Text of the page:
Filling The Medical Gap

Kim Kardashian West donated R341 000 to the ongoing medical treatment of her personal photographer Marcus Hyde, following his car crash last year. For T-Pain, money is no object when it comes to the well-being of his family. Rapper and singer T-Pain helped pay his brother’s staggering hospital bill, which totalled over R11-million ($1,402,977). Former Real Housewives of Atlanta star Claudia Jordan launched a GoFundMe for her close friend, reality star Melyssa Ford who was severely injured from a car accident that left her with a fractured skull, a bleeding brain and a gaping head wound that was closed with staples and stitches. Melyssa’s medical bills amounted to well over R1-million.

“Medical cover is expensive and not everyone is aware that there is a distinct difference between a medical aid, a hospital cash back plan and a primary health insurance policy,” explains Hayley Parry, Money Coach and Facilitator of 1Life’s Truth Money Initiative. “If you’re worried about healthcare expenses for you and your family, have a look at some of the cheaper alternatives to medical aid, like hospital cash back plans and primary health insurance policies. They offer some cover for when you are in hospital and cover for primary healthcare. “


Hayley explains the differences and how to choose the option that best suits your pocket:

What Is Medical Aid: A medical aid offers cover for your healthcare needs such as hospitalisation, medication, GP and specialist visits. There are a number of medical aid options available ranging from full comprehensive cover for most procedures at any doctor and hospital, to cover for certain conditions at certain doctors and hospitals. The more comprehensive the cover, the more expensive the premium. By law, medical aids are required to cover prescribed minimum benefits, known as PMBs. There are 27 PMB and 270 chronic conditions, including some cancers, high blood pressure, diabetes and asthma.

Hospital cash back plans and primary health insurance policies: These are a form of insurance and will cover a set amount in certain circumstances. They won’t cover all your healthcare costs and are not required to cover PMBs. Hospital cash back plans and primary health insurance policies pay directly to the member or life assured when there is a claim, they cannot pay the healthcare provider. Hospital cash back plans pay a set amount per day in hospital, usually after a certain time has expired such as 48 hours. These waiting periods vary from policy to policy. Hospital cash back plans can pay up to R3 000 a day while you are in hospital but the maximum amount you can receive each year is R20 000.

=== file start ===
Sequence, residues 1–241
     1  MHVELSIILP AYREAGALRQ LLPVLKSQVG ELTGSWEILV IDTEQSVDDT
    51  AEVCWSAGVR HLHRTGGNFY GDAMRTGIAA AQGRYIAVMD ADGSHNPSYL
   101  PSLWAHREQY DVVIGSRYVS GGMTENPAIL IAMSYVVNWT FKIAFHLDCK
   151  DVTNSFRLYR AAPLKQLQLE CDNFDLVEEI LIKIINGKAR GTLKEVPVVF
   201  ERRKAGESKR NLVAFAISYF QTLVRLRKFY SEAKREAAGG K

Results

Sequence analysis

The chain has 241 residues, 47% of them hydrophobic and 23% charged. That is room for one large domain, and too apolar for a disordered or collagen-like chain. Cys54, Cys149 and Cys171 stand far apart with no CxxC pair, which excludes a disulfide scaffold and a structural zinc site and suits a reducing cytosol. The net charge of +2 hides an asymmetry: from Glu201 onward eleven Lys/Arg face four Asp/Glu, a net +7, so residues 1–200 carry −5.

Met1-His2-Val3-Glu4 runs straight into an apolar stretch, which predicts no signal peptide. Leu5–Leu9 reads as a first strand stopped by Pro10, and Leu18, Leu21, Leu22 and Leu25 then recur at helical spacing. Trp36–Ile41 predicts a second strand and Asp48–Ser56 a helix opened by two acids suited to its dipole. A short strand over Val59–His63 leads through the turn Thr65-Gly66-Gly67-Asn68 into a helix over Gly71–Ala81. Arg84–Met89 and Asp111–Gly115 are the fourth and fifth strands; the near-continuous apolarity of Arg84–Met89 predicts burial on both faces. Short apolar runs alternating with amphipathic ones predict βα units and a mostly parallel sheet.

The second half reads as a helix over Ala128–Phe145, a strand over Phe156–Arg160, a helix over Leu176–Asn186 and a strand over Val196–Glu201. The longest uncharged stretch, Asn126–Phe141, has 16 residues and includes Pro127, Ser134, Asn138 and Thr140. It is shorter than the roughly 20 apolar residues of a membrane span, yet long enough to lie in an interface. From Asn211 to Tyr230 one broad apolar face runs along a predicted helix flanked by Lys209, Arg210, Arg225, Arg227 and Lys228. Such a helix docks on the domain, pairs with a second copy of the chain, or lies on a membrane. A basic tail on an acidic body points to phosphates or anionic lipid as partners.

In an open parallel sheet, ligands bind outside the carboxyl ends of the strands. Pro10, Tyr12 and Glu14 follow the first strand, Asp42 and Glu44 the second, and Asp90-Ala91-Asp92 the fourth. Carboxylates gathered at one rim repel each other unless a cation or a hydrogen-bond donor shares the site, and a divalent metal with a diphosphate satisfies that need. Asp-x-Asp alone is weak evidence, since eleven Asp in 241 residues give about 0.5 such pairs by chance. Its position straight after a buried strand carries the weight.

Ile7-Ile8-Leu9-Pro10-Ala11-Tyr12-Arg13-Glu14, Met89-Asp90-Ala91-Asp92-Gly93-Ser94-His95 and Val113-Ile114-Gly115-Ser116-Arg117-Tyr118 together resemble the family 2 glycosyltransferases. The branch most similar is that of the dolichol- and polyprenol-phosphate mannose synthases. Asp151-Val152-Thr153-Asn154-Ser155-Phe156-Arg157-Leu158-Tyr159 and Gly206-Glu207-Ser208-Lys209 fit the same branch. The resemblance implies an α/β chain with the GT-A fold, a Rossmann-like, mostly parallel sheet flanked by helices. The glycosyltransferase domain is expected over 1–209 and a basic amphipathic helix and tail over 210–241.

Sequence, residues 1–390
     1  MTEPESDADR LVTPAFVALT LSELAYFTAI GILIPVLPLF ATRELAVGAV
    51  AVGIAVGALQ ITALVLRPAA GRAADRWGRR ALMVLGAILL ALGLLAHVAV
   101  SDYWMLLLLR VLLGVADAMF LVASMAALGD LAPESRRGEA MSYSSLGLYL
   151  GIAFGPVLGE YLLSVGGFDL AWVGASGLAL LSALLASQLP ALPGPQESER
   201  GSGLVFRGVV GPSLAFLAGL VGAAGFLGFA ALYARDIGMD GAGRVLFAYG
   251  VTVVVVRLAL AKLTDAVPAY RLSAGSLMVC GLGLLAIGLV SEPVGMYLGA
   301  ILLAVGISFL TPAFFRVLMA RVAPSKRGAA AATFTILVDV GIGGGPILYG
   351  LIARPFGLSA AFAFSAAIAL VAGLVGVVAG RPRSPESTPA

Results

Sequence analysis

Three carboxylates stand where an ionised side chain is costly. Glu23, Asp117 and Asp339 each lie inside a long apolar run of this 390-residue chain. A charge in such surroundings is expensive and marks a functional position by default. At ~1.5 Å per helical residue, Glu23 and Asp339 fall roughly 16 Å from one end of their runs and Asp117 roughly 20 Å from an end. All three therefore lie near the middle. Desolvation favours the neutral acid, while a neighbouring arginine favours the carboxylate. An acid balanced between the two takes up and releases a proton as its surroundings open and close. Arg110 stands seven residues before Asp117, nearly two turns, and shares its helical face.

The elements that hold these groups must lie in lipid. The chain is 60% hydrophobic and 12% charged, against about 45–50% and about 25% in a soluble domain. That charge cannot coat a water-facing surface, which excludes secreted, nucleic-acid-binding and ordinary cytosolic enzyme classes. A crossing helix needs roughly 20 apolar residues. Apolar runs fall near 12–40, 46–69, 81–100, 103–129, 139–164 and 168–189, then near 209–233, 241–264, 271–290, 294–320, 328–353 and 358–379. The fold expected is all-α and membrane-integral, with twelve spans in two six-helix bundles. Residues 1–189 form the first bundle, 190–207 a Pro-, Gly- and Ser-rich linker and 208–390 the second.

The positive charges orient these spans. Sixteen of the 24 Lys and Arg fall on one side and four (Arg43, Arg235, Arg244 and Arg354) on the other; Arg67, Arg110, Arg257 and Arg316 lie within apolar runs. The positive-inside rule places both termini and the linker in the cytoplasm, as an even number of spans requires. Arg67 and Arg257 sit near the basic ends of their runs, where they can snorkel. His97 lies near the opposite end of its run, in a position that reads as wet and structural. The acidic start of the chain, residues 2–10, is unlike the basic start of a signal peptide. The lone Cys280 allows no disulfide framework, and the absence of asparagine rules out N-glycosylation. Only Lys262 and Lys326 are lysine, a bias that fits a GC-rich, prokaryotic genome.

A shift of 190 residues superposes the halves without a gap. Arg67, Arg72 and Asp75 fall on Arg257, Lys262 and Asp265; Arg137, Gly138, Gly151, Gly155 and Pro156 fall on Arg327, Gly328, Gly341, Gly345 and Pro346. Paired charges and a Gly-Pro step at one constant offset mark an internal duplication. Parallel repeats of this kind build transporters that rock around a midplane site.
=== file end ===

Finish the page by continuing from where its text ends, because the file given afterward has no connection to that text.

Health Insurance: Primary health insurance policies have set amounts of cover for primary health care services. For example, GP visits, dentistry, some blood tests, maternity care, optometry and medicines should be covered, but may be limited to a certain number of visits or Rands each year.

How much do they cost? The cost depends on how much cover you have, how many people are covered on your policy and the age of the people covered. Compared to medical aids, hospital cash back plans and primary health insurance policies are a lot more affordable but be aware that the cover is limited and there are waiting periods and conditions. Hospital cash back plans can only pay a maximum of R3 000 a day for a hospital stay or R20 000 a year lump sum payment.

Why are claims denied? Many claims are denied because the hospital stay is shorter than this. Your plan may also stipulate a full day in hospital – which is a full 24 hours – which could affect the amount you can claim. To use an example: you are in hospital for three and a half days and your hospital cash back plan pays out R2 000 for each full day after 48 hours in hospital. You may only claim one full day for your three and half day stay because the first 48 hours don’t count towards the claim, neither does the half day. Hospital cash back plans also usually have waiting periods for certain conditions ranging from 3 months to 12 months.

Care at a public hospital isn’t always free: You might be wondering if it isn’t more worthwhile to use South Africa’s public healthcare facilities, which are much more affordable when compared to private hospitals. While clinic visits in South Africa are free, if you are employed and earning more than R70 000 a year, you will be required to pay some or all of the costs of your care in a public hospital.